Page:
Monday, 16 July 2012


A rough idea for a game about spelunking, reposted here from my Google+ stream. Apologies to those of you have who have seen this before. I envisaged it originally as a 2D platformer, but clearly it could work powerfully as a first person 3D game. The game is not trying just to be an action platformer, but to somehow encapsulate how scary I find the whole idea of cave exploration. The writing that follows reflects this theme.

Gombasek Cave

Reproduced under these licence terms.
The game takes place in dark, twisting, subterranean passages, where the player’s visibility is limited to only a few feet. Occasionally they stumble across vast caverns, softly illuminated by phosphorescence. The rocky walls are uneven, and the player is equipped with a number of ropes to enable them to traverse frequently steep or vertical passages. Many of the passages are too narrow for easy passage: This may be an advantage, enabling slow but careful vertical descent as the player is wedged between rocky faces. As the gaps get narrower still, the player can only squeeze their way through more slowly still, and suffering damage as they do so.

Deep in the darkness of the caverns there are underground streams and lakes. Water that lies bound up in stone. There are passages, fully submersed and pitch black, where the player can only “see” anything at all when they are in contact with the walls, and where they can run out of breath before they reach the end. Tunnels previously dry can suddenly fill with water when the player knocks through a barrier of stone, and now they have only moments to escape - escape through the tortuously slow cracks in stone that brought them here in the first place.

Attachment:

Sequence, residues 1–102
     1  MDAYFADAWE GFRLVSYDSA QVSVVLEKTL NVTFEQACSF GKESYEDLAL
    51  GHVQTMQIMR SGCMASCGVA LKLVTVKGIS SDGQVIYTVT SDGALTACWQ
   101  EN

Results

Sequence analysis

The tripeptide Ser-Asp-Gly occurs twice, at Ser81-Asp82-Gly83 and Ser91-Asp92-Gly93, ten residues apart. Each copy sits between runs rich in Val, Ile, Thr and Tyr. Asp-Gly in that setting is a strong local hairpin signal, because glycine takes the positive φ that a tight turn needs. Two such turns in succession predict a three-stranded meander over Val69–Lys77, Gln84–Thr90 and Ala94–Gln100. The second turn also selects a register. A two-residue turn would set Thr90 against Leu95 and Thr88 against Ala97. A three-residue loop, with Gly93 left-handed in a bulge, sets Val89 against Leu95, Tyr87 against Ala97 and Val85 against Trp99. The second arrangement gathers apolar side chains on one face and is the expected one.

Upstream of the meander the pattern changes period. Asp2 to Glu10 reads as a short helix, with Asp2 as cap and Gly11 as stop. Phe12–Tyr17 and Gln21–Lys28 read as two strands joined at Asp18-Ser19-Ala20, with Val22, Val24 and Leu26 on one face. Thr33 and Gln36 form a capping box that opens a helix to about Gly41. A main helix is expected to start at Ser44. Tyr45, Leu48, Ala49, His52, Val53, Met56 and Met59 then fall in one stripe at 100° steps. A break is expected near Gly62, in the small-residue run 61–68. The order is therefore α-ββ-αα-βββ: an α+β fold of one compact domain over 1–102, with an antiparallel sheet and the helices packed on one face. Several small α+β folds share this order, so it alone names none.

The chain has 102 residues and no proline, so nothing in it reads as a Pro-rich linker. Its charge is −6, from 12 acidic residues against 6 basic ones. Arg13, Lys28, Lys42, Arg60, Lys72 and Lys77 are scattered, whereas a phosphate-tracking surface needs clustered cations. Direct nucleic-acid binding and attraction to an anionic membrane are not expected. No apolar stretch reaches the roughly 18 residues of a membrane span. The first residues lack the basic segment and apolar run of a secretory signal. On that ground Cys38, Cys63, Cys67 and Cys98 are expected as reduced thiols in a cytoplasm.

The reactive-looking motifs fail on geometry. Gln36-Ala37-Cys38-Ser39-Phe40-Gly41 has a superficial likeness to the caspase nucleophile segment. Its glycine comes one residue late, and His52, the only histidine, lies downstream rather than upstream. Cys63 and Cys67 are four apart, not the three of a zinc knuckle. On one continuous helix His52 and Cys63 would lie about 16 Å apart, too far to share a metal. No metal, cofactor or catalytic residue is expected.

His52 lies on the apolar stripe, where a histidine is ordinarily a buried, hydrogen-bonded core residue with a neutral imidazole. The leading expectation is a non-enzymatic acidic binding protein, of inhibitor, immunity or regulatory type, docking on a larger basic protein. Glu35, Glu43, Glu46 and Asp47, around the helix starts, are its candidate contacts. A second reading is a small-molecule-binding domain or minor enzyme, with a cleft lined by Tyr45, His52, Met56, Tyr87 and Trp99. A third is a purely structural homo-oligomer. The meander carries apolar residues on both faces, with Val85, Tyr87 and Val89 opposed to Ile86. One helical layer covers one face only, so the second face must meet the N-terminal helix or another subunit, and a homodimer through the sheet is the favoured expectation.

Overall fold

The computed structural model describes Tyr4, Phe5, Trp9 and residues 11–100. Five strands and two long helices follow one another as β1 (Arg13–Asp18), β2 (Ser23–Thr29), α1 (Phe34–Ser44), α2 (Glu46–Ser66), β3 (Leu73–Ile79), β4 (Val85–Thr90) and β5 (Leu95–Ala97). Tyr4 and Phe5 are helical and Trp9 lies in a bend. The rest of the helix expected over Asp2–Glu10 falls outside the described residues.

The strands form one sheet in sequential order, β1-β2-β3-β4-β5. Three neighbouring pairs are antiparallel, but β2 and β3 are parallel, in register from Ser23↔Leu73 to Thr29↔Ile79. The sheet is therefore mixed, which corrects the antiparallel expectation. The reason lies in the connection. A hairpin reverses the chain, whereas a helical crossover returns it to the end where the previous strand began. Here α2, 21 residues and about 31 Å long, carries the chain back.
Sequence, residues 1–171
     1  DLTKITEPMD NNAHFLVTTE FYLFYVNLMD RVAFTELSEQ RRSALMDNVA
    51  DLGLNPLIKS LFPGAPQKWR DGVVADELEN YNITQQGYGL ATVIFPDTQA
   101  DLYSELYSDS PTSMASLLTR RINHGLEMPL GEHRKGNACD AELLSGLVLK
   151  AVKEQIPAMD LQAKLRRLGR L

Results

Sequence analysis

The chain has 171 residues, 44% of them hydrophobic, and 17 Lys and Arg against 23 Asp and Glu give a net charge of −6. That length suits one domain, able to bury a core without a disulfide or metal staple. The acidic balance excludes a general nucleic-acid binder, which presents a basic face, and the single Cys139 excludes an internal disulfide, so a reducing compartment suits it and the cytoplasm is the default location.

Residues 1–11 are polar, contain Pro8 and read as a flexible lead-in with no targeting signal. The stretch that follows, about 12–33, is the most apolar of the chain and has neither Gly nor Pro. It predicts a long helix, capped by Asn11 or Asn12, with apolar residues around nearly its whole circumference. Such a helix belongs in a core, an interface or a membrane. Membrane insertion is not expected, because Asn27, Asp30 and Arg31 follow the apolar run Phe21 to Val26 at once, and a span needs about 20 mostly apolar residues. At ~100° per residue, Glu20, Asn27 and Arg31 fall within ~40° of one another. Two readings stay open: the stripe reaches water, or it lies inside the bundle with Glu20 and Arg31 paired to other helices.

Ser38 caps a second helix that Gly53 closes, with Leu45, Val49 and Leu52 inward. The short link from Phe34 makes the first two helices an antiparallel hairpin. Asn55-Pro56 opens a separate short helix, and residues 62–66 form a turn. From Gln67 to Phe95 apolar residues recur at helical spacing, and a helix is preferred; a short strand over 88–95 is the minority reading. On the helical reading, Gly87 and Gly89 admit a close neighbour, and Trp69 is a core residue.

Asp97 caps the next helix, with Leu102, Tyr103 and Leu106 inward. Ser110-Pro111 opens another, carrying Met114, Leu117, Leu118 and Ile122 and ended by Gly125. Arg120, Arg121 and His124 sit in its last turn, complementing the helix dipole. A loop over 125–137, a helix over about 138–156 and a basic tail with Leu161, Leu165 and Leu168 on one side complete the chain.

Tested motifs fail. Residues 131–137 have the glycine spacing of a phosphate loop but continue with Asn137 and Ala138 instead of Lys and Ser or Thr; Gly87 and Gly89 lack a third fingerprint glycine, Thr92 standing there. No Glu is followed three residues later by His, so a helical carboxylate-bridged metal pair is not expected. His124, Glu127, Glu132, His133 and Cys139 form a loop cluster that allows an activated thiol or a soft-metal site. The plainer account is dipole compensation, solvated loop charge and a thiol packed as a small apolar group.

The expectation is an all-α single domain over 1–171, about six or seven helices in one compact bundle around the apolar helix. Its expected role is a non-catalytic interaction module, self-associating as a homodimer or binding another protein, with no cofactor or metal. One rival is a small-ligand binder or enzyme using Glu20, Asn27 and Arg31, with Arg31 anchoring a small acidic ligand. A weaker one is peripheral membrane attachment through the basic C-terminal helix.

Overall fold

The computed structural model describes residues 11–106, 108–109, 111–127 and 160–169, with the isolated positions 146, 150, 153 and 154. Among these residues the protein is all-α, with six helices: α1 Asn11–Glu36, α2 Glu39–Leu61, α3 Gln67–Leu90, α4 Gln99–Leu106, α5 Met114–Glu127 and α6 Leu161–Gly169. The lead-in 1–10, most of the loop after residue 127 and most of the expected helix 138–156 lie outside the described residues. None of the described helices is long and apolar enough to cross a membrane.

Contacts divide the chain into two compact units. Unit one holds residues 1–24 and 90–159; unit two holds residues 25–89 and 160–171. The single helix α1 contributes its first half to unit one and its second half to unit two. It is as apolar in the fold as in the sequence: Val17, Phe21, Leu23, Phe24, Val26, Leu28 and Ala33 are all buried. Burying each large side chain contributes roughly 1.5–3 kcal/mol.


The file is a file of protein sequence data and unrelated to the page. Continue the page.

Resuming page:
And, perhaps, deeper still there are Things in the dark. Creatures that can slither quickly through gaps in the stone and that can see in the darkness. Whose huge eyeballs peer out of faces that have never seen the surface.

But the real horror that underpins the whole experience is the knowledge that once the player realizes the full danger they are in, there is no easy way out, just the narrow twisting corridors they have already navigated with such difficulty.

No escape.


  1. This is how most dungeon delves should be played in RPG's!

  2. I had an idea to run a D&D session dungeon delve along these kind of lines... Maybe one day I'll get around to it.

  3. Should be humans only then, I guess. Because where is the dread if you have nightvision?